- National Wind Watch: Wind Energy News - https://www.wind-watch.org/news -

Martock Ridge wind project gaining momentum

Scotian Windfields Inc. plans to have three wind turbines, producing enough power to provide electricity for roughly 1,700 homes, spinning at Martock Ridge by the end of the year.

The Dartmouth-based company passed the environmental assessment stage of the Martock Ridge Community Investment Project, and is looking for investors to buy-in to the renewable energy project with minimum offers of at least $100. It is one of five wind projects the company is working on this year.

Scotian Windfields CEO Daniel Roscoe says power produced by the turbines will be consumed locally, but sold to Nova Scotia Power Inc.

While it won’t mean cheaper power rates in the near future, Roscoe says adding another source of renewable energy to the grid could mean ratepayers will benefit from lower energy production costs in the long run.

“It’s helping meet our greenhouse gas emissions targets and it’s also providing… fixed electricity costs, which will help stabilize electricity prices,” he explained in a phone interview Jan. 23.

“It’s important to note that if we don’t meet our environmental goals through federal legislation that we’ll end up having to shut down our coal plants and a lot of our power rates will essentially spike because we’ll have to build new ones.”

Scotian Windfields will be paying the Municipality of West Hants about $36,000 in taxes annually, and leasing land for the turbines from the Town of Windsor for slightly less than that, Roscoe noted.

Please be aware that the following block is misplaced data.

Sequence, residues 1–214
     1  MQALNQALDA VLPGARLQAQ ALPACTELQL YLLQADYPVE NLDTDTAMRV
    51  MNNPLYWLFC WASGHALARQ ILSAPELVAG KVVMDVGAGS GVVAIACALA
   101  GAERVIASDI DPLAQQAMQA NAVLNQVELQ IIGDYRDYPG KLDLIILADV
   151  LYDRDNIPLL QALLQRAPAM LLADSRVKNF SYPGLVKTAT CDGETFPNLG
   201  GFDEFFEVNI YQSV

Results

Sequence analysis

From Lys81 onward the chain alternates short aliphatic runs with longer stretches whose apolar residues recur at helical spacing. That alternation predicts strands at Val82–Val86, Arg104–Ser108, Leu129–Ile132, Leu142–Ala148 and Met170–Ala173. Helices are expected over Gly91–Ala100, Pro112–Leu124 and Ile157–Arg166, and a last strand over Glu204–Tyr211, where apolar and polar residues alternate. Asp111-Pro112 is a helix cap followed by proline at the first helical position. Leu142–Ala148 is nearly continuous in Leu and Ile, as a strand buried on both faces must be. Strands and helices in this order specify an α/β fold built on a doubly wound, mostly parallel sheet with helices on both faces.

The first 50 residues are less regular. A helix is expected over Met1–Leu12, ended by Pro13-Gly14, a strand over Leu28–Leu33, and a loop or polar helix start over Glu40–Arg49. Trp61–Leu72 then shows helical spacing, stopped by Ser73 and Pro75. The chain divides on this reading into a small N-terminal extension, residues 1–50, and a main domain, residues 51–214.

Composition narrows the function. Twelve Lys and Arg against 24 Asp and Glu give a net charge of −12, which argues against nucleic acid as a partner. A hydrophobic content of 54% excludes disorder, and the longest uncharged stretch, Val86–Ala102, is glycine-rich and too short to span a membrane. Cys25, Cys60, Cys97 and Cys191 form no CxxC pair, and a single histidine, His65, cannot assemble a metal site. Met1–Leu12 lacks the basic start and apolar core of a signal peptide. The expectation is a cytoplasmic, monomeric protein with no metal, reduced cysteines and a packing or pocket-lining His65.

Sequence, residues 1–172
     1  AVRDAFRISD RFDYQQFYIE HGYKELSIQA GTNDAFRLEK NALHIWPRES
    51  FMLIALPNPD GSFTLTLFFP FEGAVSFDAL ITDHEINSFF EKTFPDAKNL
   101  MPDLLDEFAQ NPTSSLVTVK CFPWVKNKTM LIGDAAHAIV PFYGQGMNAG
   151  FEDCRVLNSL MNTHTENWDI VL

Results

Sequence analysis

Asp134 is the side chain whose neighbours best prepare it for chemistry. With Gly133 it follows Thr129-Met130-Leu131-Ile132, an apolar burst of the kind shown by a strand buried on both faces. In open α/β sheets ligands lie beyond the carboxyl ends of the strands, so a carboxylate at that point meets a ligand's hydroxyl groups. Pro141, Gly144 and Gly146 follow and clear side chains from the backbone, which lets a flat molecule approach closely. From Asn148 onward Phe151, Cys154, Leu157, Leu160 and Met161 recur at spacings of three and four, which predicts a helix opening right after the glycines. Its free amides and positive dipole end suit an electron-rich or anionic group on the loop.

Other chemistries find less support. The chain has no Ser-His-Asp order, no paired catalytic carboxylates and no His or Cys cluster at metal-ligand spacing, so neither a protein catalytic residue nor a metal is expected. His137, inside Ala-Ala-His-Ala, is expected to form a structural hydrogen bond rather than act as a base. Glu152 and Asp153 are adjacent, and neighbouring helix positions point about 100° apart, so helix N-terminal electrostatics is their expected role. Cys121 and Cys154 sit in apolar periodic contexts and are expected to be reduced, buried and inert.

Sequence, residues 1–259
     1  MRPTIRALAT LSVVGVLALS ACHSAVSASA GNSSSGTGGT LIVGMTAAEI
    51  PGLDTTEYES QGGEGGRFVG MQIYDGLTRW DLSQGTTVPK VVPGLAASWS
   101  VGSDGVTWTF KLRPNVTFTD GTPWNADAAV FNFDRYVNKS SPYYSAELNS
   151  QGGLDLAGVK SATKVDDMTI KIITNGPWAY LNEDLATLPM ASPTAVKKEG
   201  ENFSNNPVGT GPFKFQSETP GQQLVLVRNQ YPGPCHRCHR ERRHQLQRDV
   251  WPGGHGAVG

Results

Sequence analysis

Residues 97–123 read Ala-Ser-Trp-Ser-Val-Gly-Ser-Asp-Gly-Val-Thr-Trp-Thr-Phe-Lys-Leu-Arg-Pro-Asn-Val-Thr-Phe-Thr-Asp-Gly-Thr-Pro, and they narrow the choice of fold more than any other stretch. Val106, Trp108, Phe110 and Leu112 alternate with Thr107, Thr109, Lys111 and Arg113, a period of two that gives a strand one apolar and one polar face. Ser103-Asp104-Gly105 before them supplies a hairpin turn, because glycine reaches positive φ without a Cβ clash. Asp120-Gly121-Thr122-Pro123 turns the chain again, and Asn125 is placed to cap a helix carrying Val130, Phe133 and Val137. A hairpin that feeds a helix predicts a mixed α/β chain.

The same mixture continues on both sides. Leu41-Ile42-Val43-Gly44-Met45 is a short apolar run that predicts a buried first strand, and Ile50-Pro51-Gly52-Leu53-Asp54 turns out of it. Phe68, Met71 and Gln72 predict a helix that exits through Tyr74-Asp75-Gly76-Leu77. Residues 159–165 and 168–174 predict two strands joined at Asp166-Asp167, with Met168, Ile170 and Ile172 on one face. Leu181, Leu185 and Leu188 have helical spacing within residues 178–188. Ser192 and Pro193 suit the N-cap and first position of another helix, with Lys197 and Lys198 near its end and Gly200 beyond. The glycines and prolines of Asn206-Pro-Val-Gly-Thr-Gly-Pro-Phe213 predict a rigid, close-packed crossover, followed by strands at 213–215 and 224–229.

He says the Martock Ridge turbines will be installed at least two kilometres away from the nearest home.

“Even the (harshest of critics) with respect to wind turbines think two kilometres is an appropriate setback,” he added.

He says “a tremendous amount of work” went into the environmental assessment the company registered with the provincial government.

“On a high level, the impacts of climate change for birds and wildlife in the environment would be far worse than any particular wind turbine.”

He said there are no “highly sensitive areas of warning” to worry about as the $15-million project moves forward.

Scotian Windfields hosted an open house at the Hants County War Memorial Community Centre in August to inform the public of their plans for Martock Ridge.

Roscoe says the idea was well received by citizens concerned about rising power rates and climate change. He encourages people with questions about the project to visit: www.scotianwindfields.ca/wind/comFIT/martock-ridge-community-wind-project.

Scotian Windfields will be hosting an open house in Windsor Feb. 13 at 7 p.m. in the Hants County War Memorial Community Centre.